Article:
"In the Celtic tradition, there is a beautiful understanding of love and friendship. One of the fascinating ideas here is the idea of soul-love; the old Gaelic term for this is anam ċara. Anam is the Gaelic word for soul and ċara is the word for friend. … In the early Celtic church, a person who acted as a teacher, companion, or spiritual guide was called an anam ċara. It originally referred to someone to whom you confessed revealing the hidden intimacies of your life. With the anam ċara you could share your innermost self, your mind, and your heart. This friendship was an act of recognition and belonging. … In everyone's life there is great need for an anam ċara, a soul friend, in this love you are understood as you are without mask or pretension. Where you are understood, you are at home." ~ From John O'Donohue's book Anam Cara

~ John O'Donohue on Speaking of Faith
~ Commentary from Things That Go Bump in my Head
~ Photo by harold.lloyd

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posted by ashley


friend ship

friend ship

my friend paul has boarded his ship and sailed away and back to southafrica. he was part of my family for over a year and now leaves behind a vacuum, an empty space, which is stubbornly present in our lives.

friendship - what a funny word.

why is this bond connecting people called friendship? what on earth has a ship got to do with everything? we have a saying in german: „we’re sitting in the same boat“ when people share a similar (mostly negative) experience. maybe it’s the same in english, i don’t know.

it is preferable to sit in a ship with someone you like. or maybe you start to like someone just because you are in that same bloody ship together. dependence can do stranger things to you. the smaller the boat, the more crucial friends become..

whatever. paul’s back in capetown.
and i miss him.

Dear Jan,

I sit here with the all too familiar feeling of reverance that leaves me incapable of finding language. Jan, this post ellicits so much raw and genuine emotion within me. Recognition, understanding, celebration, appreciation, gratitude, and a welling sense of love. I find myself resting upon that still, parting water, feeling the color of the setting sun upon my body. I am filled with reverance.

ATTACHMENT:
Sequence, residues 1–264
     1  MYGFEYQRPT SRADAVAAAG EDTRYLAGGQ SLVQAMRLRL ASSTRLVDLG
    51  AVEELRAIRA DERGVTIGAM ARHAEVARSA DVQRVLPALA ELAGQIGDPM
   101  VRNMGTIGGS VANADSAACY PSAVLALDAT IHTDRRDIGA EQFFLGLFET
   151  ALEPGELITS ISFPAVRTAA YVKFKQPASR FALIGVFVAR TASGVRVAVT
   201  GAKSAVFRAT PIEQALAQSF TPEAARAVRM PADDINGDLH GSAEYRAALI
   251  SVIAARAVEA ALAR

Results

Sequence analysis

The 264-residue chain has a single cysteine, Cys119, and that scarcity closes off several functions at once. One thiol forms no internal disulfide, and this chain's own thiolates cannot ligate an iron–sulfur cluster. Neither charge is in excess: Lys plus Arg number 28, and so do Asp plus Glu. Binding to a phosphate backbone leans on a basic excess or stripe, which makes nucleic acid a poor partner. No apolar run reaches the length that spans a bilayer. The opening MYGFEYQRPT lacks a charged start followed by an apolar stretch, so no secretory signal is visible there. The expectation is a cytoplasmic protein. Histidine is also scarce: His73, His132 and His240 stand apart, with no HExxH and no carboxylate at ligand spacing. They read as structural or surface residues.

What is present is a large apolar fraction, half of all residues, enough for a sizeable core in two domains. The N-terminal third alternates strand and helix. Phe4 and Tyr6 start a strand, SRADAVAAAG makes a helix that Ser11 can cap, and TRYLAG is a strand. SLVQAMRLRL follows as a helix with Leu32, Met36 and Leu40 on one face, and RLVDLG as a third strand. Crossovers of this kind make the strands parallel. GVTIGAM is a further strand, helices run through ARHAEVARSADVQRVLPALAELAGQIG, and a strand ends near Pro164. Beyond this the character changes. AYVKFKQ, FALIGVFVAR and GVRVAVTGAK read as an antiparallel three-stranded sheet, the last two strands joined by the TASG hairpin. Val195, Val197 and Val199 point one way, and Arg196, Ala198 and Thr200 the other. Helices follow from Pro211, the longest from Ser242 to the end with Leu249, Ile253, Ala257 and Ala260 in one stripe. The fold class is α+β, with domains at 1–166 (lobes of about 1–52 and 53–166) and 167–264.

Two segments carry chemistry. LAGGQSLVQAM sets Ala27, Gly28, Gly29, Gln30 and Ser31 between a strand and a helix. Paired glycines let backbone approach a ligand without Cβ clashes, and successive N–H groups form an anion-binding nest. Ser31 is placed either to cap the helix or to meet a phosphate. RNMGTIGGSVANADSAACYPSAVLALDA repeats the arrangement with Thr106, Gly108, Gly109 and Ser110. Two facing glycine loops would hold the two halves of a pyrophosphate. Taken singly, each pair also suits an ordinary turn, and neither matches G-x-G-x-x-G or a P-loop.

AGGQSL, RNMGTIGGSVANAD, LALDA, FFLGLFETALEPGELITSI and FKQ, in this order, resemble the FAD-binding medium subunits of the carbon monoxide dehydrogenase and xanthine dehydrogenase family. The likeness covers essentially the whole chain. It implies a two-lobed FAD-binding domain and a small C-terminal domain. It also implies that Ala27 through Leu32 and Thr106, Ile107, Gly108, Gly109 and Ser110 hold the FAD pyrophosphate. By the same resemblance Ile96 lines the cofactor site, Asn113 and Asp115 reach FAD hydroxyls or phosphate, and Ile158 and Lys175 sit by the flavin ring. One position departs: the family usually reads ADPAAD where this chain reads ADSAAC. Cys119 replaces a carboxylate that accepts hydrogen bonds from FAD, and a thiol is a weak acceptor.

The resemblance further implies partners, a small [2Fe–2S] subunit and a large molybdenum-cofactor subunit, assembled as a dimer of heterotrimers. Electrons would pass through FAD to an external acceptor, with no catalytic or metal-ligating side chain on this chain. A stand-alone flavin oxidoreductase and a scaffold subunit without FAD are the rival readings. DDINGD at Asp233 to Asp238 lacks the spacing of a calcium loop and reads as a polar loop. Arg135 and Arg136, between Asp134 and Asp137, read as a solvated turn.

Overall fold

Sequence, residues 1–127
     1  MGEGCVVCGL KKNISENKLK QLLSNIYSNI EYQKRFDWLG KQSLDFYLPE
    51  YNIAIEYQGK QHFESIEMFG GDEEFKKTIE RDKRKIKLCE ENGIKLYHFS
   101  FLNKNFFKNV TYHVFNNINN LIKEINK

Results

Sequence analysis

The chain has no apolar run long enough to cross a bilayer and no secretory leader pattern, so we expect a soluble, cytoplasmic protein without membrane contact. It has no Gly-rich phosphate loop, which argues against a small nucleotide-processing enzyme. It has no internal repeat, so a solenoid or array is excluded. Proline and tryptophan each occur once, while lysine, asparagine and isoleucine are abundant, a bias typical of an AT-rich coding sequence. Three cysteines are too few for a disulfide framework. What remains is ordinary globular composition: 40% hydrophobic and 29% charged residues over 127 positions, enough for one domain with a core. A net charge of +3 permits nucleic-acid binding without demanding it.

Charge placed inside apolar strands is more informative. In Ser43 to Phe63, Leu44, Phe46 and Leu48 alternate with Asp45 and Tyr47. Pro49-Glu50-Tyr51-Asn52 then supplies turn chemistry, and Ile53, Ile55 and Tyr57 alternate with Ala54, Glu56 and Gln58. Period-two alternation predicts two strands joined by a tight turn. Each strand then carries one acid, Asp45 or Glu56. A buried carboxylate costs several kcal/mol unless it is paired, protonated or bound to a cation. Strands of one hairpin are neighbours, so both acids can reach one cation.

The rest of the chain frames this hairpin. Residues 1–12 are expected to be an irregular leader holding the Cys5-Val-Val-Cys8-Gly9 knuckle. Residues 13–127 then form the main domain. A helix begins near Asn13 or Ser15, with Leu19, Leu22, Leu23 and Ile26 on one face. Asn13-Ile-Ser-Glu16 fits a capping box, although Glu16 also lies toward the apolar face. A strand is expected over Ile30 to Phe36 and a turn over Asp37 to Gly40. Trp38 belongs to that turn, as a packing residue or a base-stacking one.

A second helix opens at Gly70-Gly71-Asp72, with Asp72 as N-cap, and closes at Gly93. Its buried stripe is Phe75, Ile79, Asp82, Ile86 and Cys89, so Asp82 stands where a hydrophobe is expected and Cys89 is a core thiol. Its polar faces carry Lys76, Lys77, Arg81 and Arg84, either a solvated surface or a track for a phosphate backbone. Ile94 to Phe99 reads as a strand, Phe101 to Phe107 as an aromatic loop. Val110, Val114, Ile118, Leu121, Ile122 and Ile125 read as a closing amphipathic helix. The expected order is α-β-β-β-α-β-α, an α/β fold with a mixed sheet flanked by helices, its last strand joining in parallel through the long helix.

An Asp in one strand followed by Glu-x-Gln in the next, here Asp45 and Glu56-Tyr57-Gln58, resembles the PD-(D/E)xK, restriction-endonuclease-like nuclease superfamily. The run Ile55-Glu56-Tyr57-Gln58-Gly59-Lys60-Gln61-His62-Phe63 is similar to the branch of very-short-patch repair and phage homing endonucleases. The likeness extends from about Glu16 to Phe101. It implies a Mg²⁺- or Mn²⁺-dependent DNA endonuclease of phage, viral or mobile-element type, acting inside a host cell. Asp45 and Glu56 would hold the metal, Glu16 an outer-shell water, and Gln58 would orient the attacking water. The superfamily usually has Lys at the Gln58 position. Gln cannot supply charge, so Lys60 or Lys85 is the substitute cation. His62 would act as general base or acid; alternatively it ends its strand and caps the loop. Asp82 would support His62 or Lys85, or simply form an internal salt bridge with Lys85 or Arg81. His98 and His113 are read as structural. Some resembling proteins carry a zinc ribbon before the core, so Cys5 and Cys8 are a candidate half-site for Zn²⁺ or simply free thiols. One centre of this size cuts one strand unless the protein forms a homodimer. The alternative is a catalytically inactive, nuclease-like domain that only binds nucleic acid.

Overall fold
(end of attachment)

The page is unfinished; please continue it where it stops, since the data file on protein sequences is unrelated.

. . . and I can't help but notice a pattern, the frequency of reading words of yours, often inquiries into ordinary matters of life, and then feeling engulfed in a deep and sweet sense of reverance. What a gift that is. Thank you.

And a tangential gift that I carry with me into the night is the invitation to make friends with those stubbornly present empty spaces in our lives. It feels to me like this writing of yours is a beautiful example of deepening intimacy with What Is -- inquiring into it while accepting it and letting it be.

Thank you.

With love,

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posted by Jan


things we can and cannot control

as an elementary school counselor, i get to engage with children in many enriching conversations. discussing life skills has always been a topic that i find incredibly valuable to dialogue with children. this month's guidance lesson with grades 2-4 was on changes that happen in our lives.
things in our life are constantly changing. some changes we can control and some changes we can't control. can you think of some things that happen in your life that you can or cannot control?
the class, sitting in a circle, passes around a container of dried lima beans, a can, and a bug cage. each child takes out a lima bean and, if they feel comfortable, shares with the group either one thing that they can control (putting a bean in the can) or one thing that they cannot control (putting a bean in the cage).


my behavior
my thoughts
my life
how much sleep i get
what i wear
my little brother
my dog


my mom and dad fighting
my grandfather dying
my parents getting a divorce
someone being mean to me
having to move
my little sister annoying me
my dog jumping on me
the weather

what has been most noteworthy to me in these revealing discussions is how much happens in children's lives that they have absolutely no control over. in most classrooms the can would have 3-5 beans and the cage would be full. as an adult, can you imagine swimming through your days from one place to another, having to strictly follow and succumb to events in your life in which you have no control? can you imagine that feeling of complete helplessness, the extreme lack of control of the course of your day, your life?